17. This Court in M.B. Sanghi v. High Court of Punjab & Haryana & Ors., (1991) 3 SCC 600, observed as under:
The foundation of our system which is based on the independence and impartiality of those who man it will be shaken if disparaging and derogatory remarks are made against the presiding judicial officer with impunity....It is high time that we realise that much cherished judicial independence has to be protected not only from the executive or the legislature but also from those who are an integral part of the system. An independent judiciary is of vital importance to any free society.
18. This leads us to the question as to whether the facts and circumstances referred hereinabove warrant acceptance of apology tendered by the appellant.
The famous humorist P.G. Wodehouse in his work; The Man Upstairs (1914); described apology :
The right sort of people do not want apologies, and the wrong sort take a mean advantage of them.
The apology means a regretful acknowledge or excuse for failure. An explanation offered to a person affected by one's action that no offence was intended, coupled with the expression of regret for any that may have been given. Apology should be unquestionable in sincerity. It should be tempered with a sense of genuine remorse and repentance, and not a calculated strategy to avoid punishment
19. Clause 1 of Section 12 and Explanation attached thereto enables the court to remit the punishment awarded for committing the contempt of court on apology being made to the satisfaction of the court. However, an apology should not be rejected merely on the ground that it is qualified or tempered at a belated stage if the accused makes it bona fide. There can be cases where the wisdom of rendering an apology dawns only at a later stage.
20. Undoubtedly, an apology cannot be a defence, a justification, or an appropriate punishment for an act which is in contempt of court. An apology can be accepted in case the conduct for which the apology is given is such that it can be ignored without compromising the dignity of the court;, or it is intended to be the evidence of real contrition. It should be sincere. Apology cannot be accepted in case it is hollow; there is no remorse; no regret; no repentance, or if it is only a device to escape the rigour of the law. Such an apology can merely be termed as paper apology.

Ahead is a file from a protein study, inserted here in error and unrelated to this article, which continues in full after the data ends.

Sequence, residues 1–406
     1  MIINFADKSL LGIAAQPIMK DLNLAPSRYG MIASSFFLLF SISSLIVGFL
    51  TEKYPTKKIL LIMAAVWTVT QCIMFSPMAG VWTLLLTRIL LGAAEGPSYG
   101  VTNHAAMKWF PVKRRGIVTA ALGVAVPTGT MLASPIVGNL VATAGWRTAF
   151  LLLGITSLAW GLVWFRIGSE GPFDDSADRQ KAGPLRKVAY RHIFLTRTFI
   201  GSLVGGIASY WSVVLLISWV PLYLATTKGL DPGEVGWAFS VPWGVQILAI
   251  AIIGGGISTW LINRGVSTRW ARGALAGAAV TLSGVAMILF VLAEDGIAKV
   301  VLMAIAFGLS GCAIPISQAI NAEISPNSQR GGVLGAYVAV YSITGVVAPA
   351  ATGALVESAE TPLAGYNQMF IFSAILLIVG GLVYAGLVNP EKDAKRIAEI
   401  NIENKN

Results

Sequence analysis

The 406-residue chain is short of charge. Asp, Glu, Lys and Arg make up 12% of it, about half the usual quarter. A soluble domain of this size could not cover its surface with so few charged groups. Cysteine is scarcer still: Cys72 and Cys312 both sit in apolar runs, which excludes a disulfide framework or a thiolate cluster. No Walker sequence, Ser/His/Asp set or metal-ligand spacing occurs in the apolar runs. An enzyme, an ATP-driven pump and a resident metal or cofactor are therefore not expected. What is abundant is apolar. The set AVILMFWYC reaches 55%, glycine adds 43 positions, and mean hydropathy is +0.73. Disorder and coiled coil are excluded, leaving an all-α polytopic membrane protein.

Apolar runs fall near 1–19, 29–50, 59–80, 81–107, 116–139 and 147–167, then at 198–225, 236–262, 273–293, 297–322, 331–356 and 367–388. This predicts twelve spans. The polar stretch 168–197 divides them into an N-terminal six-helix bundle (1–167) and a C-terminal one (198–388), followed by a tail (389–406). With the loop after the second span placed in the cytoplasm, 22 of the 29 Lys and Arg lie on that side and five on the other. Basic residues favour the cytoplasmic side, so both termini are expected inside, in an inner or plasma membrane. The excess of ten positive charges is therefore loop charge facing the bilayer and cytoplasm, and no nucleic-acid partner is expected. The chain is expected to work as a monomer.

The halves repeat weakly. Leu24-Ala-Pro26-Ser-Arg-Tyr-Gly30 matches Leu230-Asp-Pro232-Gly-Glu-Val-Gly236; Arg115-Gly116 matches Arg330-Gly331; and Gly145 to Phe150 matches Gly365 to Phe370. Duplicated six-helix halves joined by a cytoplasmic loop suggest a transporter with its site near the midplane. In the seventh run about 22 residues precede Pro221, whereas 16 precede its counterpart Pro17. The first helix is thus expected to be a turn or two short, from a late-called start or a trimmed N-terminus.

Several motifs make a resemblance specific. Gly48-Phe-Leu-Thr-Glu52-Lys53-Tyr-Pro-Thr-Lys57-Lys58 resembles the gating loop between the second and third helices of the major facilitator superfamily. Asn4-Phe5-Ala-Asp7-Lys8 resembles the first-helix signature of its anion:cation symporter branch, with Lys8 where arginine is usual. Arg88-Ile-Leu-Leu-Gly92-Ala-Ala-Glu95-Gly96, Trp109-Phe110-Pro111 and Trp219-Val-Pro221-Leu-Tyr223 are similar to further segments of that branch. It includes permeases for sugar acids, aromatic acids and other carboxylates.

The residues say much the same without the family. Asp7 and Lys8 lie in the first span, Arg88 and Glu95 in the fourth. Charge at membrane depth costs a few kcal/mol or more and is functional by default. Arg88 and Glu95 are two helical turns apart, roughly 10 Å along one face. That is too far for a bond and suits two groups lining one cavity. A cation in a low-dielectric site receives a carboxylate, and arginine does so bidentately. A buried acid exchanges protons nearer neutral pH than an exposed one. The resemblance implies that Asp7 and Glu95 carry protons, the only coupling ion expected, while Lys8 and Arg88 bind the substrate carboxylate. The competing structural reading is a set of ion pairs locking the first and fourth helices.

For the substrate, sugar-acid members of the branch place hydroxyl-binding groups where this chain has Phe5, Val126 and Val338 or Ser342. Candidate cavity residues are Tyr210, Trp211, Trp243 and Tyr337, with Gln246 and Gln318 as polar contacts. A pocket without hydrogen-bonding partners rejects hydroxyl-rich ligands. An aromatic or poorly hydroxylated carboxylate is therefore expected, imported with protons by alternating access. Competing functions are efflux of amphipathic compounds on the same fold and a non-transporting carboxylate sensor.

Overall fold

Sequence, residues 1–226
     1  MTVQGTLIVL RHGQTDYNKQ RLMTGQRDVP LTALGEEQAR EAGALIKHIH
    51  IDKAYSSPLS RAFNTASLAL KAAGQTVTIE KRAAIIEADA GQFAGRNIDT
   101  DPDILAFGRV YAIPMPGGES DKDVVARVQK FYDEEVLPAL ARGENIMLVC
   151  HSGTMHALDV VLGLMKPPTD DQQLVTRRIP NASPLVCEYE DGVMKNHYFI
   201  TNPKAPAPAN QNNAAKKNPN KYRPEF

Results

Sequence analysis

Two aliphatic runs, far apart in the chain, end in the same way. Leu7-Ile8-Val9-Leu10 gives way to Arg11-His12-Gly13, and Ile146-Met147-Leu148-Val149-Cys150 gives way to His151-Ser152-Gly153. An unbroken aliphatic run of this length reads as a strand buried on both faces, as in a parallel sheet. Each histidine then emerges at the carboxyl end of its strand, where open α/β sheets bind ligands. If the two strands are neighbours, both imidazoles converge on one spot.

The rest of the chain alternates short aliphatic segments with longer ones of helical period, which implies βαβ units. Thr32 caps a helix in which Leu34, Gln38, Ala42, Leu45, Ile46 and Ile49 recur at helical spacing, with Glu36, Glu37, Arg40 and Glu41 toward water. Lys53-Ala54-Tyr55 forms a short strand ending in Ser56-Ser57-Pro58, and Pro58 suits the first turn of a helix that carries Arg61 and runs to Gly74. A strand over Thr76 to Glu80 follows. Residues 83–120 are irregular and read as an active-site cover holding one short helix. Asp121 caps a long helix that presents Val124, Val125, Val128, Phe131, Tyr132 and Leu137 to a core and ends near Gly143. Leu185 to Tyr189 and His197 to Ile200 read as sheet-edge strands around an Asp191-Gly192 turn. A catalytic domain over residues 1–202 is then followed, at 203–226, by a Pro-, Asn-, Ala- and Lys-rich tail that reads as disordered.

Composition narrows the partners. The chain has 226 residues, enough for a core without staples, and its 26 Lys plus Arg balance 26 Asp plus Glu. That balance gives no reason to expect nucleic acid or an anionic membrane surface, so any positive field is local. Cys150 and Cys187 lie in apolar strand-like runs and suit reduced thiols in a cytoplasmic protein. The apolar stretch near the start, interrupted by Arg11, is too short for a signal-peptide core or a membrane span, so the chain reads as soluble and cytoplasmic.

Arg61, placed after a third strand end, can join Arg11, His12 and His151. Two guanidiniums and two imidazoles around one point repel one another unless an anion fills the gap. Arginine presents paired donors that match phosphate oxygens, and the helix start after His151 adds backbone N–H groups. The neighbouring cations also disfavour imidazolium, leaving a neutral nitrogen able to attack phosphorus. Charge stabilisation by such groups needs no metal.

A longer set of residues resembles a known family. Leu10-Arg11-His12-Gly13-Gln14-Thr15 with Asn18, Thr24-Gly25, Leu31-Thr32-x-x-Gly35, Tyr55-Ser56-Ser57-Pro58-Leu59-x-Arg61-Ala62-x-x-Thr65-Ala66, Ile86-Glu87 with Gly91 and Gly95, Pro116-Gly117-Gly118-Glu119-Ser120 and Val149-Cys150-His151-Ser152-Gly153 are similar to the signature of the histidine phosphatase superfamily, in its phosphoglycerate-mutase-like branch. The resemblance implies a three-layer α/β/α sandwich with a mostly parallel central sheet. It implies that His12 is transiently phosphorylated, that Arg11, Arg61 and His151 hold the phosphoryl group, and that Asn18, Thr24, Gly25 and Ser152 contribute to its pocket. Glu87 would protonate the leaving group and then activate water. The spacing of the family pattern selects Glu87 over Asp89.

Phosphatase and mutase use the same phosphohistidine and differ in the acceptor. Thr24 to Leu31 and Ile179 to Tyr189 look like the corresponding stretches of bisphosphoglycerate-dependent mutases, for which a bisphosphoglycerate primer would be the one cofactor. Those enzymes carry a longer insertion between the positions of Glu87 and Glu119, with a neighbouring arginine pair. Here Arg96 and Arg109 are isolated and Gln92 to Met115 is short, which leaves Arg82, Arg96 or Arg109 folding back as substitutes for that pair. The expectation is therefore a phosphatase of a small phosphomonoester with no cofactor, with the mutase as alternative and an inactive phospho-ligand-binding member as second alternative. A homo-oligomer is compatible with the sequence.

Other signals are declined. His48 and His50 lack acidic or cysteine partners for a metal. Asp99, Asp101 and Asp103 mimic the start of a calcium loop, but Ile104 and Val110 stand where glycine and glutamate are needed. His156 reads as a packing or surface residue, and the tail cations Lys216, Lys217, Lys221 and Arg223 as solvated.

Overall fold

21. In Re: Bal Thackeray, Editor Samna, (1998) 8 SCC 660, this Court accepted the apology tendered by the contemnor as the Court came to conclusion that apology was unconditional and it gave an expression of regret and realisation that mistake was genuine.
22. In L.D. Jaikwal v. State of U.P., AIR 1984 SC 1374, the court noted that it cannot subscribe to the 'slap-say sorry- and forget' school of thought in administration of contempt jurisprudence. Saying 'sorry' does not make the slapper poorer.
(See also: T.N. Godavarman Thirumulpad v. Ashok Khot & Anr., AIR 2006 SC 2007)
So an apology should not be paper apology and expression of sorrow should come from the heart and not from the pen; for it is one thing to 'say' sorry-it is another to 'feel' sorry.
23. An apology for criminal contempt of court must be offered at the earliest since a belated apology hardly shows the contrition which is the essence of the purging of a contempt. However, even if the apology is not belated but the court finds it to be without real contrition and remorse, and finds that it was merely tendered as a weapon of defence, the Court may refuse to accept it. If the apology is offered at the time when the contemnor finds that the court is going to impose punishment, it ceases to be an apology and becomes an act of a cringing coward. (Vide :Mulkh Raj v. The State of Punjab, AIR 1972 SC 1197; The Secretary, Hailakandi Bar Association v. State of Assam & Anr., AIR 1996 SC 1925; C. Elumalai and Ors. v. A.G.L. Irudayaraj and Anr., AIR 2009 SC 2214; and Ranveer Yadav v. State of Bihar, (2010) 11 SCC 493).
24. In Debabrata Bandopadhyay & Ors. v. The State of West Bengal & Anr., AIR 1969 SC 189, this Court while dealing with a similar issue observed as under:
Of course, an apology must be offered and that too clearly and at the earliest opportunity. A person who offers a belated apology runs the risk that it may not be accepted for such an apology hardly shows the contrition which is the essence of the purging of a contempt. However, a man may have the courage of his convictions and may stake his on proving that he is not in contempt and may take the risk. In the present case the appellants ran the gauntlet of such risk and may be said to have fairly succeeded.
25. This Court has clearly laid down that apology tendered is not to be accepted as a matter of course and the Court is not bound to accept the same. The court is competent to reject the apology and impose the punishment recording reasons for the same. The use of insulting language does not absolve the contemnor on any count whatsoever. If the words are calculated and clearly intended to cause any insult, an apology if tendered and lack penitence, regret or contrition, does not deserve to be accepted. (Vide: Shri Baradakanta Mishra v. Registrar of Orissa High Court & Anr., AIR 1974 SC 710; The Bar Council of Maharashtra v. M.V. Dabholkar etc., AIR 1976 SC 242; Asharam M. Jain v. A.T. Gupta & Ors., AIR 1983 SC 1151; Mohd. Zahir Khan v. Vijai Singh & Ors., AIR 1992 SC 642; In Re: Sanjiv Datta, (1995) 3 SCC 619; and Patel Rajnikant Dhulabhai & Ors. v. Patel Chandrakant Dhulabhai & Ors., AIR 2008 SC 3016).